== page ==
There’s no doubt that it’s been a disappointing stretch for value investors who focus on relatively inexpensive stocks with lower valuations. But this doesn’t mean investing in value stocks has become a worthless pursuit.
In fact, when we consider performance over longer periods, value’s current streak of underperformance is somewhat rare—although not unprecedented in past 10-year periods. This suggests that value’s recent rocky stretch shouldn’t disrupt a long-term investment strategy. Also, diversifying factor exposure with a multifactor approach could make it easier for investors to stick with their long-term plan.
Where’s the value?
Based on the annual performance of the Russell 1000 Growth and Russell 1000 Value Indexes, growth has outperformed value in 7 of the last 10 calendar years. In particular, growth outperformed value by a wide margin in 2009, 2015, 2017, and 2018.
However, despite this disappointing result for value, the value factor has been a source of persistent outperformance versus the broader market over the long haul, according to academic research. From 1928 to 2017, the value premium¹ in the United States had a positive annualized return of approximately 3.5%, on average.² Factors are characteristics of stocks, such as size and valuation, that are persistent drivers of return and risk over long time periods. Some factors, such as value, have exhibited long-term outperformance, or a premium, versus the overall market as measured by market-capitalization-weighted indexes.
Still, that may be small consolation for value-oriented investors who have been frustrated since the 2007/2008 financial crisis. Explanations for the outperformance of growth stocks include low interest rates, slow and steady economic growth, low inflation, and investors chasing the performance of high-valuation technology giants. Conversely, value stocks tend to lead the way during the recovery phase of the economic cycle—and when investors are worried about a recession.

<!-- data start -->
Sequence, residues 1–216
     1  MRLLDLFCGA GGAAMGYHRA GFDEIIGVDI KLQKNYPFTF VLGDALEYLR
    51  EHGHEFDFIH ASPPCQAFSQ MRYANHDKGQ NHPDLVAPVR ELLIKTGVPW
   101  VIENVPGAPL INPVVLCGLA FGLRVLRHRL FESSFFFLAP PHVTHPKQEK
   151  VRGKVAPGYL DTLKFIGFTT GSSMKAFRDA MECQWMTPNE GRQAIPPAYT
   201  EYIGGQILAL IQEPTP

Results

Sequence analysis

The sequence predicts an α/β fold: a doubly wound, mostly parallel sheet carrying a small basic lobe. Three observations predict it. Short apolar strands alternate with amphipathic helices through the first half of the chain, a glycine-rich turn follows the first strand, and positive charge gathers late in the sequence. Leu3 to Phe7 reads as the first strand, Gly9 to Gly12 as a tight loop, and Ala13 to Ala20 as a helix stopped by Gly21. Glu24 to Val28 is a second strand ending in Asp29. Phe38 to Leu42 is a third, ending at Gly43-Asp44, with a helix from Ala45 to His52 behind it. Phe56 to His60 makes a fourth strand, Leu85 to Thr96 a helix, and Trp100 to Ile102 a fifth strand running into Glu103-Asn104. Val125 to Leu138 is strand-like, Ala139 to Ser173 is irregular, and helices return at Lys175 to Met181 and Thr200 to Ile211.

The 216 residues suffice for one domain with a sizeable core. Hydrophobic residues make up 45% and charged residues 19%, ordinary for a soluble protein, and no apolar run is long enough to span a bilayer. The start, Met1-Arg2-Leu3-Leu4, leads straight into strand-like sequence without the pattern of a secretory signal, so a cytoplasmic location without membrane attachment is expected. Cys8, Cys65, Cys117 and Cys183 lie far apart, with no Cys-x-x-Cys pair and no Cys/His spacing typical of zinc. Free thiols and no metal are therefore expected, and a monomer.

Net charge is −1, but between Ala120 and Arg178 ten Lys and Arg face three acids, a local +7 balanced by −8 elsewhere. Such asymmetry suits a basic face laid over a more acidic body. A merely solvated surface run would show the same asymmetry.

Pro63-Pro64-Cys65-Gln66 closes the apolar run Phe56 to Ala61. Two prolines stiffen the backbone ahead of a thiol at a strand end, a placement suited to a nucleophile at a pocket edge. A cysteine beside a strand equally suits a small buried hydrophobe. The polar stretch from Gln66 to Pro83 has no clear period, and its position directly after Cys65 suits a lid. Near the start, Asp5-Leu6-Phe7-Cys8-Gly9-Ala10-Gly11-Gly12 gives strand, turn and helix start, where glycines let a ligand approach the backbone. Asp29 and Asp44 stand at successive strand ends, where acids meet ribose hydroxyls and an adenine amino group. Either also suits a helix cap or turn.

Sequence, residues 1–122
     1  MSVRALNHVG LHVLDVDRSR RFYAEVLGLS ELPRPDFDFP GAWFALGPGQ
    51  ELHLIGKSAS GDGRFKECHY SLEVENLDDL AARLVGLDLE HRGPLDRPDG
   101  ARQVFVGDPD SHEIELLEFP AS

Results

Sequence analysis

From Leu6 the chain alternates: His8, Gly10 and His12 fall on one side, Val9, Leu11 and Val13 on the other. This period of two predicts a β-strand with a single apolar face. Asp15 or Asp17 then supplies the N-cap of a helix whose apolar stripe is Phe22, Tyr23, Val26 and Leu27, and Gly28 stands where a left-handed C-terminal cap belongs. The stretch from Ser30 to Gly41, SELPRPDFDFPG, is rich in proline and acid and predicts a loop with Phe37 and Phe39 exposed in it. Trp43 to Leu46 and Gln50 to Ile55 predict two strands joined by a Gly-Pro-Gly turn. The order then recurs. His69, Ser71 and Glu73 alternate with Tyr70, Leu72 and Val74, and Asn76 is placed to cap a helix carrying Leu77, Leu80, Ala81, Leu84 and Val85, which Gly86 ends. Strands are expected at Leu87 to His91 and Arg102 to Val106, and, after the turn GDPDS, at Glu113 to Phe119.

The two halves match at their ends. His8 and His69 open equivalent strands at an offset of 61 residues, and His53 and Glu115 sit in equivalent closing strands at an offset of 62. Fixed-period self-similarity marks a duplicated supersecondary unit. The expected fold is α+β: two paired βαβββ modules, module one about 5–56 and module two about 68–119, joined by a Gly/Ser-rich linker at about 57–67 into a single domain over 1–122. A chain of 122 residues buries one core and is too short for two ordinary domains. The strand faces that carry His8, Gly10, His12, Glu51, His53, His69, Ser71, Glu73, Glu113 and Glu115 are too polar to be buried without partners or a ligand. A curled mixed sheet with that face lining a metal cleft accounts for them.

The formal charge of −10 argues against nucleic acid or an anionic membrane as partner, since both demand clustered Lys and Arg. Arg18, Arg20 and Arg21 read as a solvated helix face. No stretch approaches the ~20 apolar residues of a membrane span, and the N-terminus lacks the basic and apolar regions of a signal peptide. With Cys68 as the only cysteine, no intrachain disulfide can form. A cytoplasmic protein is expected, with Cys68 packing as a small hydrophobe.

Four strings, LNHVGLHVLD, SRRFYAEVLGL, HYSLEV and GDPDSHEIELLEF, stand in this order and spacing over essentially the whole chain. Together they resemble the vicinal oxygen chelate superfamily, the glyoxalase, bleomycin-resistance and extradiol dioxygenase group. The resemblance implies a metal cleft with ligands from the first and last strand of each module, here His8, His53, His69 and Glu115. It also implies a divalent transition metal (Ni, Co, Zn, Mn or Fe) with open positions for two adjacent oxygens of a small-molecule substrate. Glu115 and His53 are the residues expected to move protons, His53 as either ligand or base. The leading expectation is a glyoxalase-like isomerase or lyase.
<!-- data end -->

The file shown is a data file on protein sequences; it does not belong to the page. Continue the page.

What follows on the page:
Whatever the reasons behind value’s lagging performance, history shows that extended underperformance in the value premium is actually not that unusual. In fact, from 1937 to 2017, there were 13 instances of 10-year annualized performance periods that had a negative value premium. The good news is that there were 68 instances when the value premium was positive in 10-year periods.³
Also of note, the value premium in U.S. stocks can be highly variable on a year-to-year basis. In other words, there's a significant amount of variability around how long it may take a positive value premium to materialize.
Although there's obviously no guarantee that history will repeat itself, this does suggest that a disciplined, long-term mindset is required to stick with any strategy that seeks to capture the value premium.
Multifactor: better together?
The recent underperformance of value stocks is a reminder that individual factors can remain out of favor for longer than investors expect. Also, it’s very difficult to correctly time investments in individual factors that are outperforming, which can be volatile on a year-to-year basis.
That’s why multifactor strategies may make sense for long-term investors. One example of a multifactor approach is combining value with other factors, such as size and profitability.
We continue to see evidence that exchange-traded fund (ETF) investors are using multifactor approaches. According to Morningstar, multifactor ETFs amassed $42.8 billion in 2018, capturing nearly 13% of gross flows to smart beta ETFs last year.⁴
Theory versus practice
Value stocks have a documented long-term performance premium, but investors have to be willing to accept periods of outperformance like the recent experience. Incorporating a multifactor approach may help smooth returns and improve diversification by adding factors that are uncorrelated with the performance of value stocks.
That’s why we think it makes sense for investors to partner with experienced factor-based managers who understand the opportunities and challenges of the approach. Also, various multifactor strategies can perform differently based on the metrics used to target individual factors, which factors are chosen, and careful design to limit unnecessary costs.
Learn more about multifactor ETF investing.
1 The value premium is the return difference between stocks with low relative prices (value) and stocks with high relative prices (growth). 2 Computed as the return difference between the Fama/French U.S. Value Research Index and the Fama/French U.S. Growth Research Index. Fama/French indexes are provided by Kenneth French; index descriptions are available on request. Past performance does not guarantee future results. 3 In U.S. dollars, 2017. The 10-year rolling relative price premium is computed as the 10-year annualized compound return on the Fama/French U.S. Value Research Index minus the 10-year annualized compound return on the Fama/French U.S. Growth Research Index. Fama/French indexes are provided by Kenneth French. Index descriptions are available on request. Indexes are not available for direct investment, and their performance does not reflect the expenses associated with the management of an actual portfolio. Past performance does not guarantee future results. 4 A Global Guide to Strategic-Beta Exchange-Traded Products, Morningstar, March 2019.